CENTER FOR RENEWABLE ENERGY
A number of factors have contributed to the rapid growth of wind power capacity in Illinois from 50 MW in 2003 to 3,334.91 MW in 2012, including federal and state policies, energy security, energy costs, environmental benefits, and economic development opportunities. One key policy driver in Illinois was the passage of the Illinois Power Agency Act in 2007 which included a Renewable Portfolio Standard of 25% by 2025, of which 75% of the renewable energy resources must come from wind.
As of April, 2012, Illinois ranked 4th in the United States in overall installed wind capacity and ranked 14th in potential capacity. Illinois installed the second most new generation capacity amongst all states during 2011. Illinois led the nation in 2011 with 404 new turbines installed (AWEA, 2012a). Illinois currently has 42 wind projects online, which account for 3,360.28 MW of wind generating capacity. This report will analyze the economic impacts from only the projects that exceed 50 MW of capacity. Illinois has 23 projects larger than 50 MW, which account for 3,334.91 MW or 99% of the state’s wind energy generating capacity (see Table 1). Although project specific data were used in this report, proprietary information about the wind farms will not be released. It is important that stakeholders and decision makers are educated about the economic development impact wind energy has brought to the state and local communities so that informed decisions regarding future adoption of wind energy projects can be made. By analyzing the impacts of Illinois’ wind energy, this report supplies interested parties with information concerning the economic development benefits of wind energy.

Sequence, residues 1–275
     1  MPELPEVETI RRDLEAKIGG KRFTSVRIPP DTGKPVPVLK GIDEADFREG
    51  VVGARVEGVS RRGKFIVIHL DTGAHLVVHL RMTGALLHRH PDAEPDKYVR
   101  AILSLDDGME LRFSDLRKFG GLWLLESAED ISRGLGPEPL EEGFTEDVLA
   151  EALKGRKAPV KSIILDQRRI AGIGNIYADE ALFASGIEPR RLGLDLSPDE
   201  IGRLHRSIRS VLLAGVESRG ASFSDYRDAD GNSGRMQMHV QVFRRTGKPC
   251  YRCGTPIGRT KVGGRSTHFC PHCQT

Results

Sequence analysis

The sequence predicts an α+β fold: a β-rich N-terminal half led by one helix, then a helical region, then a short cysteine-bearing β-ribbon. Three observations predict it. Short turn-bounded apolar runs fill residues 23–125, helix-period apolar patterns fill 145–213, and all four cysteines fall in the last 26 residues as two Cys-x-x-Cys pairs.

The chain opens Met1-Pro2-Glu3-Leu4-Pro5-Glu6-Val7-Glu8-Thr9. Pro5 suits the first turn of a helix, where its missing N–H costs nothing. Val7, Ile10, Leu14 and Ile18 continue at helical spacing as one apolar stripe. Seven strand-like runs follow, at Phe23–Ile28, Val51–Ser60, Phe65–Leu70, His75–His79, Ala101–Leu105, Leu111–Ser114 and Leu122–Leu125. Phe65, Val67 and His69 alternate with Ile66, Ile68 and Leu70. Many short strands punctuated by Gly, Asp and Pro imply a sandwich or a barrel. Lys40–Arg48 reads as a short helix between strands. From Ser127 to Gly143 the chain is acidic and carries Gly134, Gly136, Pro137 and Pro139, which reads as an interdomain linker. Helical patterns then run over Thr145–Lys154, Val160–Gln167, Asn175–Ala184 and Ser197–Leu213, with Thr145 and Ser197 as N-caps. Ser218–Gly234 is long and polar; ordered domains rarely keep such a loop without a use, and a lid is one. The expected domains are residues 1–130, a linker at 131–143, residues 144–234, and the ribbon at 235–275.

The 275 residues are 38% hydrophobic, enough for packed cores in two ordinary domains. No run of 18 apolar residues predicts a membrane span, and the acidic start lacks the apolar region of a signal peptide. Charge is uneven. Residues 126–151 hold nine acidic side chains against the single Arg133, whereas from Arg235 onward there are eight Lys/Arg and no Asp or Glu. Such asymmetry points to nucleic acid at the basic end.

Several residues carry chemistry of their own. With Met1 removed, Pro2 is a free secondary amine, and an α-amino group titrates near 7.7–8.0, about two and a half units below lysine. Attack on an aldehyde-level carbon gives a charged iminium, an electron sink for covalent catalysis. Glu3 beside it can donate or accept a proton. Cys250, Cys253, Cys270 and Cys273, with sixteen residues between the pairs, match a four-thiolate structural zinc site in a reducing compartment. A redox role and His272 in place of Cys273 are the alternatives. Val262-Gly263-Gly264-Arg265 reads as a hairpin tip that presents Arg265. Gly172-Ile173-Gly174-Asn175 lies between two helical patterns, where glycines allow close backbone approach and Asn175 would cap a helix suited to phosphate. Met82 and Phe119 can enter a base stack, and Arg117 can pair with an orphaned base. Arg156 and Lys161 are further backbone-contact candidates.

According to this economic analysis (see Figure 1), the 23 largest wind farms in Illinois:
• Created approximately 19,047 full-time equivalent jobs during construction periods with a total payroll of over $1.1 billion
• Supports approximately 814 permanent jobs in rural Illinois areas with a total annual payroll of nearly $48 million
• Supports local economies by generating $28.5 million in annual property taxes
• Generates $13 million annually in extra income for Illinois landowners who lease their land to the wind farm developer
• Will generate a total economic benefit of $5.98 billion over the life of the projects
About The Center for Renewable Energy at Illinois State University
“The Center for Renewable Energy at Illinois State University has three major functional areas: To enhance the renewable energy major at Illinois State University, to serve the Illinois renewable energy community by providing information to the public, to encourage applied research concerning renewable energy at Illinois State University, and through collaborations with other universities.”